Published 11/07/2020 | Reading Time 2 min 38 sec
TULSA, Okla. — Members of the 1921 Tulsa Race Massacre Centennial Commission gathered today to honor the life of Reuben Everett one of many Black Tulsans murdered during the 1921 Tulsa Race Massacre.
There was a complexity of emotion throughout the service; there was brightness and honor but also solemnness and anger. There were moments of hope and moments of grief.
“Families from the Massacre have gone years without a proper burial,” said Dr. Tiffany Crutcher, Chair of the Tulsa Community Remembrance Project. “Community members can collect soil from the sites of massacres as a personal memorial and remembrance of these crimes.”
Although Everett is buried in Oaklawn Cemetery, this honorary event took place on the very space and place Everett lived and was murdered and the future site of the Greenwood Rising history center.
Christy Williams, Greenwood Community Historian pointed to the ground where she stood.
“This is 610 E. Archer,” she said, “The home of Reuben Everett. This was his home. Oklahoma was the promised land for a lot of Black people, from across the states. And they came here wanting to build; and build their families and businesses and just to be respected as human beings and to live peacefully. This was the home of Reuben Everett.”
Mr. Everett lived there with his wife Janie, along with his widowed mother-in-law, Julia Grant. When the massacre began on May 31, 1921, the mobs’ path into Greenwood likely drew very near to Mr. Everett’s residence on East Archer Street, which may have been among the residences that were set on fire and attacked by white mobs on the first night of the violence. At some point during the massacre, Everett was shot and seriously injured. He was taken to Morningside hospital where he died at 1 a.m. on June 1.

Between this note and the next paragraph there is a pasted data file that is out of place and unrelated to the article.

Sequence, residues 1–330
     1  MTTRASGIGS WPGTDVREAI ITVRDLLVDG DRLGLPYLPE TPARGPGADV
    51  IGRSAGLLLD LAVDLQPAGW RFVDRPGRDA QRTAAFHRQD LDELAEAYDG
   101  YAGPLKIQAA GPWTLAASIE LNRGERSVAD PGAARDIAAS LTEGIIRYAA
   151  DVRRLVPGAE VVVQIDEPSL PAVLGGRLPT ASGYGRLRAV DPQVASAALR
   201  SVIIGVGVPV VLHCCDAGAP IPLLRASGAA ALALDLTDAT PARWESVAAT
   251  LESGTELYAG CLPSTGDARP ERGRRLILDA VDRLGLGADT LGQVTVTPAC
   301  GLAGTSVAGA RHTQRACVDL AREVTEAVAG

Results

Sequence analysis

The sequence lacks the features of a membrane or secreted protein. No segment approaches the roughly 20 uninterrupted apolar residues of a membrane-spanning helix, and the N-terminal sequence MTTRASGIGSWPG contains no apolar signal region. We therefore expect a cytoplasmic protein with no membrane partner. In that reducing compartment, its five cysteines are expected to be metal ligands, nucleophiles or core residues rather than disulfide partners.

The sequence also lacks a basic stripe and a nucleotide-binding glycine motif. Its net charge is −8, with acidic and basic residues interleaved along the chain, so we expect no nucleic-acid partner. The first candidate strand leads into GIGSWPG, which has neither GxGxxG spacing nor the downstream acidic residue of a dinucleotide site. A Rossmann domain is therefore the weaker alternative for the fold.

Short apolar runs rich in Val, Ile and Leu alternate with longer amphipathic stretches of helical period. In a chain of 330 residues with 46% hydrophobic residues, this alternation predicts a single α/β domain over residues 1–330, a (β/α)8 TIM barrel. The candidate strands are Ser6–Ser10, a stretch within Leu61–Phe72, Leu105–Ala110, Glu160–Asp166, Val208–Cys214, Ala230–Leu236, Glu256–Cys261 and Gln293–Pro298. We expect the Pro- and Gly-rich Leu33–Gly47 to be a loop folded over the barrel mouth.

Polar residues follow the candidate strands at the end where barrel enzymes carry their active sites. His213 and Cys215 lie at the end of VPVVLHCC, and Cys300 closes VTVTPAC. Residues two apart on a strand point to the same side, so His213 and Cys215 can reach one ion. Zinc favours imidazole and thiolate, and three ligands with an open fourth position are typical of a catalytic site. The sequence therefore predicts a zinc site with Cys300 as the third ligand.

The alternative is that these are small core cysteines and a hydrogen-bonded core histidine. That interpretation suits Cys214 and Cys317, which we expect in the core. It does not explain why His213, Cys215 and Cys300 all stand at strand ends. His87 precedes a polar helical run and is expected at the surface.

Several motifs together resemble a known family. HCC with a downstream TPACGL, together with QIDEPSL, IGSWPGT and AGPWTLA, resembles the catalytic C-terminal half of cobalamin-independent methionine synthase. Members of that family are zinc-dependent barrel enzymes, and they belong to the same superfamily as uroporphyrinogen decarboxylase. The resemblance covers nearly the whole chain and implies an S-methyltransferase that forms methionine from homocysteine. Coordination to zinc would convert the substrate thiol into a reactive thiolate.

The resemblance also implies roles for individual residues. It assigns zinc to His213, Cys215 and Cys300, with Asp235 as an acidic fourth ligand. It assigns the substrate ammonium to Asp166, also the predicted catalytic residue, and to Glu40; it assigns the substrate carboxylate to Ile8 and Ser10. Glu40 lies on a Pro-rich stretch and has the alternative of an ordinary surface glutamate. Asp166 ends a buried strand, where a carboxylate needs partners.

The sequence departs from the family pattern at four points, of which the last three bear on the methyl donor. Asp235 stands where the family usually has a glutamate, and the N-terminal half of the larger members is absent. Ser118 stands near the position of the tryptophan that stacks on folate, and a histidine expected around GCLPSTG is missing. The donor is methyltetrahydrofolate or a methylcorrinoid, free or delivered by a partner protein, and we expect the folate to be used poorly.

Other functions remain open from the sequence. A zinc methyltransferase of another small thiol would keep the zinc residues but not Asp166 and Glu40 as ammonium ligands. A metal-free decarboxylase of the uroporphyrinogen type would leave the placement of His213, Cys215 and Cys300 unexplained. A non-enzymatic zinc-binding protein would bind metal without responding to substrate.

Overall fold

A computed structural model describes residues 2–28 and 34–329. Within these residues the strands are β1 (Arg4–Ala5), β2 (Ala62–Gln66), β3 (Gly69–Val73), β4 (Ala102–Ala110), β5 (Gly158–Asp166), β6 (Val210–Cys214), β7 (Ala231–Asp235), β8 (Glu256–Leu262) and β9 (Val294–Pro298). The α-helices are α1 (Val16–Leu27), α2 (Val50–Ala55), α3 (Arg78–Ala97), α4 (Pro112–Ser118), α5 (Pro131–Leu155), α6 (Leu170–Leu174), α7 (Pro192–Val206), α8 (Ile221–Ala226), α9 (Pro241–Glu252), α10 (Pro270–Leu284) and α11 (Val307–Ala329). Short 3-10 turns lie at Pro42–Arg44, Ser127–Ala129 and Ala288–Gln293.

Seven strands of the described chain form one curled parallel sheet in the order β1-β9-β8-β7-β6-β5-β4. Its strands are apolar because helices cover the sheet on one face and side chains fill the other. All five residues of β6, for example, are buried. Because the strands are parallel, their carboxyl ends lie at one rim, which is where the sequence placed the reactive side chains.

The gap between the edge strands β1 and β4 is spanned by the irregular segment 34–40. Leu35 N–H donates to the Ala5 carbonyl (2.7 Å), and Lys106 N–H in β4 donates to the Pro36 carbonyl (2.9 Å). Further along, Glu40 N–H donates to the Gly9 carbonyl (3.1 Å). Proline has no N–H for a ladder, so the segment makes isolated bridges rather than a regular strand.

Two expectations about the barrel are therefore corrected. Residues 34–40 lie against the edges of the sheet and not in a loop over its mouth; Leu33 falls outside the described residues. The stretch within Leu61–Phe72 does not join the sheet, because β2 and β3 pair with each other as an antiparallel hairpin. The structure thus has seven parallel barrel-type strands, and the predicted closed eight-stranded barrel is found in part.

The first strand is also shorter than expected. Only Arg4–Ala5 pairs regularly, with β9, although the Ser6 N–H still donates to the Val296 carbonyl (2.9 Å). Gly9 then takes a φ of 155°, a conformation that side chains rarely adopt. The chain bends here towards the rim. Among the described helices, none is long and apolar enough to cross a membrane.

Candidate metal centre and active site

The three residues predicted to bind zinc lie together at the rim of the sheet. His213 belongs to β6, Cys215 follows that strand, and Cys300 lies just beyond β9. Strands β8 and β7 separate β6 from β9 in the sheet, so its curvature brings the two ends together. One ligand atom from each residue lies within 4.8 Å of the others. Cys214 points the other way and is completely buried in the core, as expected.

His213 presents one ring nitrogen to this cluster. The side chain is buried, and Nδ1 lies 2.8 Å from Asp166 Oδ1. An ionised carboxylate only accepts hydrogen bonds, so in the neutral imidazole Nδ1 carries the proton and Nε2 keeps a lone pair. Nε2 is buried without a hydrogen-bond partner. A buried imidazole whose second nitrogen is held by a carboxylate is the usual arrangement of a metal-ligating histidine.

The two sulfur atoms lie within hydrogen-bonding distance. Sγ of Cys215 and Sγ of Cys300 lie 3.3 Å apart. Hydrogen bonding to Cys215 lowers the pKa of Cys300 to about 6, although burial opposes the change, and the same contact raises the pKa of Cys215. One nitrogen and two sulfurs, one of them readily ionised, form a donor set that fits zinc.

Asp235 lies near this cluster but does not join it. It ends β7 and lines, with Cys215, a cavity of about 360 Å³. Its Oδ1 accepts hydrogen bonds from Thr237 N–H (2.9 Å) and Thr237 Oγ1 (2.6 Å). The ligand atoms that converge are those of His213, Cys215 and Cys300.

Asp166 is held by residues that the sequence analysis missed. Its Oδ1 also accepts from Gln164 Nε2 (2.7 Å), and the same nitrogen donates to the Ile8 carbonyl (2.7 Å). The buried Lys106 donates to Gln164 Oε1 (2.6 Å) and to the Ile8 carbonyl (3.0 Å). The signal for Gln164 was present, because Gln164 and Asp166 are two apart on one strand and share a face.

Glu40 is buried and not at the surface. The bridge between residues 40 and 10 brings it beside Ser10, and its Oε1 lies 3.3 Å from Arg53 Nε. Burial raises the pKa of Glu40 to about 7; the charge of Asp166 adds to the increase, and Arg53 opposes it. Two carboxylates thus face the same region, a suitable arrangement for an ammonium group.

Now unrecognizable as a neighborhood, attendees looked upon the historic Oklahoma Eagle newspaper building and downtown Tulsa. A hundred feet away the foundation and framework of the history center, Greenwood Rising, symbolized part of Black Wall Street’s future. At the same time, the grumble of traffic on I-244 regularly interrupted the service; relentlessly reminding of its physical interruption of Greenwood during the so-called “Urban Removal” of the 1960s and 1970s.
But the complex history of this sacred place began much earlier. During the service, Eli Grayson, Muscogee (Creek) Nation and Advocate for Creek Indians of Mixed Ancestry shared the long, complex, forgotten and unacknowledged history of the Tulsa area; of Black towns and both Creek and Cherokee land allotments.
Throughout the service the soothing sound of African drums were provided by Chief Equnwale Amusan and Caesar Roblebo, representatives of the Tulsa Community Remembrance Project. Chief Amusan also performed African Burial Rites leading up to the formal soil collection.
“May we bring coolness to this earth that we stand on that is heated by the blood of ancient African ancestors and Indigenous ancestors,” said Chief Amusan as he poured libations onto the ground, “May our ancestors be happy and satisfied with this ceremony.”
After the presentation, Commission Members walked toward a table where a large glass jar with Reuben Everett’s name awaited, empty. One by one Commission members picked up a small spade and scooped some earth into his jar which was surrounded by white flowers on a simple black plastic tablecloth. Drumming continued as guests slowly added soil to Everett’s jar until Chief Amusan and Roblebo paused to participate as well.
“Today was a beautiful day to remember our tragic history; to remember where we have been and where we are going,” said Phil Armstrong, project director for the 1921 Tulsa Race Massacre Centennial Commission. “Mr. Everett’s life is important, his legacy is important, this history is important. I am honored to have the opportunity to highlight and honor him today.”
In the words of Chief Amusan, “Honor and respect to Reuben Everett. Honor and respect to Reuben Everett. Honor and respect to Reuben Everett.”